–Take care of yourself. You can comfort yourself with all the drugs, alcohol, sex and food there is to have. But take it from me, giving in to addictions is nothing but slow suicide. You can’t move past grief and see the beauty of what’s left if you’re too busy trying to kill yourself. True, I learned a ton about the beauty of life from having been an addict, but that doesn’t mean I’d ever wish that experience on others. If there’s a better way to cope, do that instead.

–Embrace things that are bigger than you. Nothing has helped me get past grief more than doing service to others. It sounds like so much bullshit, but it’s not. When I’m helping out in the church food pantry or going to Overeater’s Anonymous meetings and guiding addicts who ask for my help, I’m always reminded that my own life could be much worse. Or, to put it another way, I’m reminded how my own life is so much better than I realize or deserve.

Like I said: This isn’t a science.

It’s just what I’ve learned from my own walk through the valley of darkness.

Facebook Follow Friday: Thank Ya Edition

Welcome to week five of this new tradition of mine: Giving the nod to some of my Facebook friends for giving my spirits a lift and teaching me new things.

Mood music:

A reminder on what this is about: There’s a thing we do on Twitter called Follow Friday, where we list people we follow and suggest others do the same. I figured Facebook should have something similar, so here it is.

There’s a lot of crap on Facebook. Some people might consider me part of the problem and unfriend me over it. That’s OK. My brand of insanity isn’t for everyone. But there are a lot of giving folks on there as well; friends that lift the spirits and teach me something daily.

Shira Brenner: The kid sister. I’ve told you about her before, but I got to see her yesterday and she made me an excellent cup of coffee.  She lives life to the full and inspires the hell out of me.

Sara Corthell Croft: The middle of my three sisters-in-law. She’s gone through a tough year, but she’s done it with class and good humor. She also watches her nephews almost every time I ask, and her daughter — my niece — is just so stinkin’ adorable. She deserves some extra gratitude from me, so here it is.

Ann Ball: She’s been my friend for almost 20 years. Well, we lost touch for several years in between but so what? Her Facebook posts are always upbeat and full of love for her family. With so much shit on Facebook, it’s refreshing to see.

Les Masterson: A former colleague from my Community Newspaper Company days. The man has always had a wit I connect with, including his most recent observation that “Alice’s Restaurant” is the work of the devil. He’s also an editor for Patch, a community news organization you will surely be hearing a lot more about.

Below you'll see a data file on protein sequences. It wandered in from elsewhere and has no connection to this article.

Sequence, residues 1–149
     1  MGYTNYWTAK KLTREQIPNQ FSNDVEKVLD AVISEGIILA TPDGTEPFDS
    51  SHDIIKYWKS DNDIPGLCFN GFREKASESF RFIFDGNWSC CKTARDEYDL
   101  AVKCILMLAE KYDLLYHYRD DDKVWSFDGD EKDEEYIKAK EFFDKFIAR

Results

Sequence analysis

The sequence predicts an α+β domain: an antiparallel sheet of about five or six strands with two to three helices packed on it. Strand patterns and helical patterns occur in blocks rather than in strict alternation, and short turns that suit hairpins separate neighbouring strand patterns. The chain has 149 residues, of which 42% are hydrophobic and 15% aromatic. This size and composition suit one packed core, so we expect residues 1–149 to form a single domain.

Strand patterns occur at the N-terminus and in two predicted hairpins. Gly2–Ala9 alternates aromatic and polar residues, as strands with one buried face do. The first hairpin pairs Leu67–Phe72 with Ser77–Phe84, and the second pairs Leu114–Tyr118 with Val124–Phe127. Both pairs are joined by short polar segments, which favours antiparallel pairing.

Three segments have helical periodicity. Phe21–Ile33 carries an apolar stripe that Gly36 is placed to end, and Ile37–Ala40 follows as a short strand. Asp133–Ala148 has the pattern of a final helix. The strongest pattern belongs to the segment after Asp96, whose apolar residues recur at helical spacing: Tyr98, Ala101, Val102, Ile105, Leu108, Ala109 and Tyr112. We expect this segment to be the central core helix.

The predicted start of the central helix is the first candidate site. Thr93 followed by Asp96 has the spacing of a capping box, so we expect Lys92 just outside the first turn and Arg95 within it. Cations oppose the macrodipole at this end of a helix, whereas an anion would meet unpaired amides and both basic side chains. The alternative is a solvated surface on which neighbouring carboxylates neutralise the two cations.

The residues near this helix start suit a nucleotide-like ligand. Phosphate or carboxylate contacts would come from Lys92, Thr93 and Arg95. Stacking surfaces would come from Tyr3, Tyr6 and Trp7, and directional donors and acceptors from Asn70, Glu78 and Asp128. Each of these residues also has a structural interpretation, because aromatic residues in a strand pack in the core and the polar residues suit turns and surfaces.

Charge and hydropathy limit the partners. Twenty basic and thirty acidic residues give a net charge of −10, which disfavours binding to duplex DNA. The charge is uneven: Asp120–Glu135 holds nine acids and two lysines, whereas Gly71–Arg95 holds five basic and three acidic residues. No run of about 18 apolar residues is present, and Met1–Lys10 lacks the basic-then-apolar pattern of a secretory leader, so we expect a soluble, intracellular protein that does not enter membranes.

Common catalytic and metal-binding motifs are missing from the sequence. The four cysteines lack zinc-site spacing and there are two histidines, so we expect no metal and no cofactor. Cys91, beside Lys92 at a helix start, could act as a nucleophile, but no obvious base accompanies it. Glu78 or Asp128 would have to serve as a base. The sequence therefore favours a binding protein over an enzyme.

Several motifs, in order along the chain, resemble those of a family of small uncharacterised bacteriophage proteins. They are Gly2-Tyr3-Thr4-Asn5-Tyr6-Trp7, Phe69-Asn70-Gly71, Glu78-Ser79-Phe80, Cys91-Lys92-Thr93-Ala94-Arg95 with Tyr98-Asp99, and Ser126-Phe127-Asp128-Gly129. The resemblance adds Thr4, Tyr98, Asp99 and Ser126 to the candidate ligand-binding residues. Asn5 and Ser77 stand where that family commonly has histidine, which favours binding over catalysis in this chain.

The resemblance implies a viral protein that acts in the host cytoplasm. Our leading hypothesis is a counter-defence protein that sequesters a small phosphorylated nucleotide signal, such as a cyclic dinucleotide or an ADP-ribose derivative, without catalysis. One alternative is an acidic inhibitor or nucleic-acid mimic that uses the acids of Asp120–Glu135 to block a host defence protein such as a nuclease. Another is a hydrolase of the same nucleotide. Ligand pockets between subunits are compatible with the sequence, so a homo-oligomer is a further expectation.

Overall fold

Bob Connors: Fellow Haverhillite and cigar buddy, he’s the man to check out for emergency preparedness and full-throttle patriotism. He’s also good natured about the trouble I sometimes get him into by quoting him.

More to come next week…

Sleep

Thanks to a strict food plan I follow to keep the binge-eating disorder in its box, I’m not walking around a bloated mess like I used to. Instead, I gorged on something else yesterday.

Mood music:

I napped in the morning, I napped in the afternoon and I have no regrets.

I’ve always had an interesting relationship with sleep.

Back when I was slowly destroying myself, I would fall asleep at all the wrong times: In a restaurant while someone was talking to me, during moments of what was supposed to be catch-up time with Erin, and behind the wheel.

I still nod off early. But I’m up at 4 a.m. almost every morning. I don’t have to be. I just happen to open my eyes at that point. I can’t seem to help it. So by 7 or 8 p.m., it catches up to me.

For the most part, though, I only average about six hours of sleep a night. Sometimes, I get less than that.

When you don’t get at least eight hours of sleep a night for an extended period of time, it catches up with you. In my case, I go into cycles of depression. I feel doom and gloom for no good reason.

Erin knows this, and has been diligent in making me go to bed earlier, even when I’d rather be awake doing other things. 

I usually don’t give the sleep issue much thought, because my demons are rooted in many other, more insidious habits. But a friend of mine was just diagnosed with severe depression, and this dude has had a batshit-crazy sleep schedule for many years now. He gets into his office by 4 a.m. so he can leave early, but doesn’t really go to sleep until around 10 or later. Now it’s caught up with him.

Apparently it caught up to me yesterday. But it wasn’t the anxiety-driven kill switch that kicks in from time to time. This was a no-regrets trip to la-la land. Well, I regret it a little. I wanted to be up later to spend quality time with Erin, because she’s been working crazy hours lately and quality time is hard to come by. Last night I blew it on that score.

But looking at Thanksgiving day as a whole, it was much, much better than stuffing myself until I wanted to be dead.

The perfect balance still escapes me, but who really has the perfect balance anyway?